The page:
hill country observerThe independent newspaper of eastern New York, southwestern Vermont and the Berkshires


Editorial May 2016



On pesticide data, public deserves better


The possibility that the environment and human health might be at risk from the widespread use of synthetic pesticides has been a matter of public concern for at least the 50-plus years since the publication of Rachel Carson’s “Silent Spring.”

Carson’s pioneering work helped give rise to the modern environmental movement, the creation of the U.S. Environmental Protection Agency and the rise of organic agriculture. And it led to the phasing out of some particularly toxic compounds such as DDT.

But despite all of that, our society continues to use plenty of synthetic toxins to kill unwanted bugs, weeds, microbes and even molds. Some of these chemicals still are quite powerful, and plenty of concern remains that pesticides may pose a hazard to life forms beyond their intended targets.

So it’s surprising to learn that, despite our modern system of environmental regulation, the information available about pesticide use in our region actually is quite limited. As a story in this issue details, New York, Vermont and Massachusetts all collect reports from commercial pesticide applicators, but the data resulting from these efforts has significant gaps and in some cases is quite old – if it’s available to the public at all.

New York’s pesticide reporting law, adopted in 1996 with great fanfare, was expected to produce a wealth of new data about which pesticides were being applied, in what quantities and where. Supporters of the law included breast cancer activists who hoped the data could be used to investigate whether heavy use of pesticides in some areas could be correlated with an increased incidence of cancer and other ailments.

New York’s reporting system has yielded a pesticide database that’s searchable by active ingredient, but the database so far contains only three years’ worth of information from more than a decade ago, covering 2003-05. The latest data of any kind that’s publicly available is from 2009, and it simply tallies up the total number of gallons or pounds of various brand-name pesticides used – without regard to how concentrated or dilute the active ingredients in these products might be.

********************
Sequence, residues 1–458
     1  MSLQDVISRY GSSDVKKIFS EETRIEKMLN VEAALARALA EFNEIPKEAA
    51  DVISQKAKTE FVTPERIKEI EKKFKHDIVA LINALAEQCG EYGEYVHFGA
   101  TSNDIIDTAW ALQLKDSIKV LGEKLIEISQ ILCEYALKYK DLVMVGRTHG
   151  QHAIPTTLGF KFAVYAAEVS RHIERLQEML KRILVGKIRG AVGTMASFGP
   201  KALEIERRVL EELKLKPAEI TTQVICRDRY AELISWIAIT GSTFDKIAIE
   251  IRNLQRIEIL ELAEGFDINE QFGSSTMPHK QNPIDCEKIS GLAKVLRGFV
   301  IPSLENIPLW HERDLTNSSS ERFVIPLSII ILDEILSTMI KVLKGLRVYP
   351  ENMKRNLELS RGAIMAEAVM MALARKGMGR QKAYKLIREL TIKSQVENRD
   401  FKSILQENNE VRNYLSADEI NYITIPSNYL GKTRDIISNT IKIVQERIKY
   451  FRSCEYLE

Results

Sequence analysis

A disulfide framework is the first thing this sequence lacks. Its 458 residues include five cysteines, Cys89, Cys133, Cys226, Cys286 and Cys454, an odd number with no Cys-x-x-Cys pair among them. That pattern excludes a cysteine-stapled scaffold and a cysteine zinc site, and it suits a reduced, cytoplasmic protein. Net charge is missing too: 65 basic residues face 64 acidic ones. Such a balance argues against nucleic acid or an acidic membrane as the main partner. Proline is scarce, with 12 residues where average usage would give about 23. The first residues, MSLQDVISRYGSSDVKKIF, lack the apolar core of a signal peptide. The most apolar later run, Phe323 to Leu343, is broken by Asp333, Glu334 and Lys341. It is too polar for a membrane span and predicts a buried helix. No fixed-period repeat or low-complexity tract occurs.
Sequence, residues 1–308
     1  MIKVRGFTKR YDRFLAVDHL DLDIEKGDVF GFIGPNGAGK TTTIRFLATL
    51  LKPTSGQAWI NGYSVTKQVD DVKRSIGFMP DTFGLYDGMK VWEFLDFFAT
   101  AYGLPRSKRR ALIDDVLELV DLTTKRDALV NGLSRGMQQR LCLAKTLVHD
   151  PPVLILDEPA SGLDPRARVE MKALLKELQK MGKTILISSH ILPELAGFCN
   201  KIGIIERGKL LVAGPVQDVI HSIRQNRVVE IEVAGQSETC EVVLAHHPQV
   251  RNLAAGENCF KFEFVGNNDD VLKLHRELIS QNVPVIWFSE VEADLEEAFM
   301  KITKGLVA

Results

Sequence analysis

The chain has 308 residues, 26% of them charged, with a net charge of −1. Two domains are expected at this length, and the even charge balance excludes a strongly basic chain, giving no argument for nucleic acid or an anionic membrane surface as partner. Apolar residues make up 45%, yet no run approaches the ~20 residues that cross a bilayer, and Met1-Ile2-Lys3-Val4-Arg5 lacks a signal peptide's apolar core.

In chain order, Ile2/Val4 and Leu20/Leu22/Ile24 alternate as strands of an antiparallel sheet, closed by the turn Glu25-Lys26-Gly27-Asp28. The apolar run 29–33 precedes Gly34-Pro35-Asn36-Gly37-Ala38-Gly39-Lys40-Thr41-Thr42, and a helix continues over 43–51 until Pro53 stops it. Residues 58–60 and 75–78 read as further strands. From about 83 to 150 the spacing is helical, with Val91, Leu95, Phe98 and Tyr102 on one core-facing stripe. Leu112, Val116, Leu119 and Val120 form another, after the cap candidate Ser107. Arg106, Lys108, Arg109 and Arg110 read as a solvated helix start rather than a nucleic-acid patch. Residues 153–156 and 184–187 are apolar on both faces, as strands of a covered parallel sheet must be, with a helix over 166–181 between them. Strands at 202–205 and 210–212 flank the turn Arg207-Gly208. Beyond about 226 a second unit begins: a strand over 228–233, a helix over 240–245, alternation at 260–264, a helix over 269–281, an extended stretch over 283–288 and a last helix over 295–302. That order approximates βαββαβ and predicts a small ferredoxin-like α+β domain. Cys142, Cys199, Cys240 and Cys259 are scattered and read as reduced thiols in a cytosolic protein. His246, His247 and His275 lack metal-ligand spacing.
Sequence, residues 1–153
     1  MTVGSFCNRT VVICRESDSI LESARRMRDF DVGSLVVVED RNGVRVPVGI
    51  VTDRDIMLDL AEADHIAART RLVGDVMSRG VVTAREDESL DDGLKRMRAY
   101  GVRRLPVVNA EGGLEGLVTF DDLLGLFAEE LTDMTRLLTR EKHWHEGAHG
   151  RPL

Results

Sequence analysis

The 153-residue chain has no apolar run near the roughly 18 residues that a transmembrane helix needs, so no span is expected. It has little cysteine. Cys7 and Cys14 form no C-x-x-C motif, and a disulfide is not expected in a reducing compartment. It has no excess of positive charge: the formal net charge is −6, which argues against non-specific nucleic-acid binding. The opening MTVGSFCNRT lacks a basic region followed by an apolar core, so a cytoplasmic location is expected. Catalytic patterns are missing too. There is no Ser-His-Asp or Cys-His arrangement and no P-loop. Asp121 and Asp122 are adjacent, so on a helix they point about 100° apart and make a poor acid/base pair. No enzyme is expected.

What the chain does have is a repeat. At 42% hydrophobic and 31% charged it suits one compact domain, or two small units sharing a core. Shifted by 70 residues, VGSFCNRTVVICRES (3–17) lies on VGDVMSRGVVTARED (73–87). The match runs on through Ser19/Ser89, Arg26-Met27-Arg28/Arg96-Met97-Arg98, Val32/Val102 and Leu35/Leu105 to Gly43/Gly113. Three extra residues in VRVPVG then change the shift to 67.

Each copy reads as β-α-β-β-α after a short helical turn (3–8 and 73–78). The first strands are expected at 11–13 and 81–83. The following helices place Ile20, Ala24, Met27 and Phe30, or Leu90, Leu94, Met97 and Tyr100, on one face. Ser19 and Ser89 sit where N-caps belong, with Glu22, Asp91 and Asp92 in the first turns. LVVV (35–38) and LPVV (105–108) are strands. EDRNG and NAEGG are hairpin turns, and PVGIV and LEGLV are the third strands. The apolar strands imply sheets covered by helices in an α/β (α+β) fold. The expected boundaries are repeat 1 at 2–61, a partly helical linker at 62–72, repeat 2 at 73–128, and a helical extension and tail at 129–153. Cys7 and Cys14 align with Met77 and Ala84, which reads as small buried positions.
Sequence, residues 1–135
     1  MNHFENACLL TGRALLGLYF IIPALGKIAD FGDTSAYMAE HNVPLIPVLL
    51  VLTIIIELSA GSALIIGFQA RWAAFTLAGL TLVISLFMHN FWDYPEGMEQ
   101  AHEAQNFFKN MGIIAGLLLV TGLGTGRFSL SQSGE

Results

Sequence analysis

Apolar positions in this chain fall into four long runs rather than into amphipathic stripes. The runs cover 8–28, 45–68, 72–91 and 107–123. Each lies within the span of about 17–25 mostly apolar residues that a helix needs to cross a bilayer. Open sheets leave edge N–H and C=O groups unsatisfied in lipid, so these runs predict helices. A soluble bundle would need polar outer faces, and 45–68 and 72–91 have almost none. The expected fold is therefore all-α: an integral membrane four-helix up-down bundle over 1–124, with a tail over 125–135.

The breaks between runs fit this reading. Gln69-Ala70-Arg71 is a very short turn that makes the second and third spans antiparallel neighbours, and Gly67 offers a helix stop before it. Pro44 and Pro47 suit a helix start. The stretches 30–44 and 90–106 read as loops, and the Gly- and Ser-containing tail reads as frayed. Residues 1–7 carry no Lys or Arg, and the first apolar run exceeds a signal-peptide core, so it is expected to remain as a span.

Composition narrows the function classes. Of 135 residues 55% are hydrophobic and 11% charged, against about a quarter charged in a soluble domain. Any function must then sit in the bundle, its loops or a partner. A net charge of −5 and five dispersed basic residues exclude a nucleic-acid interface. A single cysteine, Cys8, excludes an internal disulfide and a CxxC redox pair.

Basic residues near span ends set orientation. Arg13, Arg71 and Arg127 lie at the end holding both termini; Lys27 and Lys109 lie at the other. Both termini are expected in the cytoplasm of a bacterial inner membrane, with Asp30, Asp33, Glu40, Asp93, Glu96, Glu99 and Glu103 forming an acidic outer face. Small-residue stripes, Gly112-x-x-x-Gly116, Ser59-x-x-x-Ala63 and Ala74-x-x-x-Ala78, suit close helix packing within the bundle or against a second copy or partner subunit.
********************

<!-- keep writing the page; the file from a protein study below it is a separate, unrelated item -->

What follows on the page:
And even though agriculture accounts for an estimated 80 percent of the pesticides used nationally, much of this use isn’t measured in New York’s system, because farmers are exempt from the law’s reporting requirements. Farm use of pesticides is recorded only when professional applicators are called in to do the spraying.

Compared with New York, Vermont’s pesticide reporting system offers more meaningful and up-to-date information, with statewide totals, per pound of active ingredient, organized by the type of application – such as on golf courses, lawns, along highways, and so on. As in New York, though, farmers are exempt from reporting, and because Vermont only provides statewide totals, it’s impossible to tell whether certain towns or areas might be getting a particularly high dosage of specific pesticides.

In Massachusetts, the situation is even more opaque. The state Department of Agricultural Resources collects written reports of pesticide usage from the commercial applicators it regulates, but it simply boxes up these reports and puts them in storage – with no effort to analyze or compile any data for public use. It’s hard to imagine a more pointless exercise in government regulation.

All three states are already collecting at least some information about pesticide use within their borders. What’s needed is a lot more emphasis on useful information and the public’s right to know.


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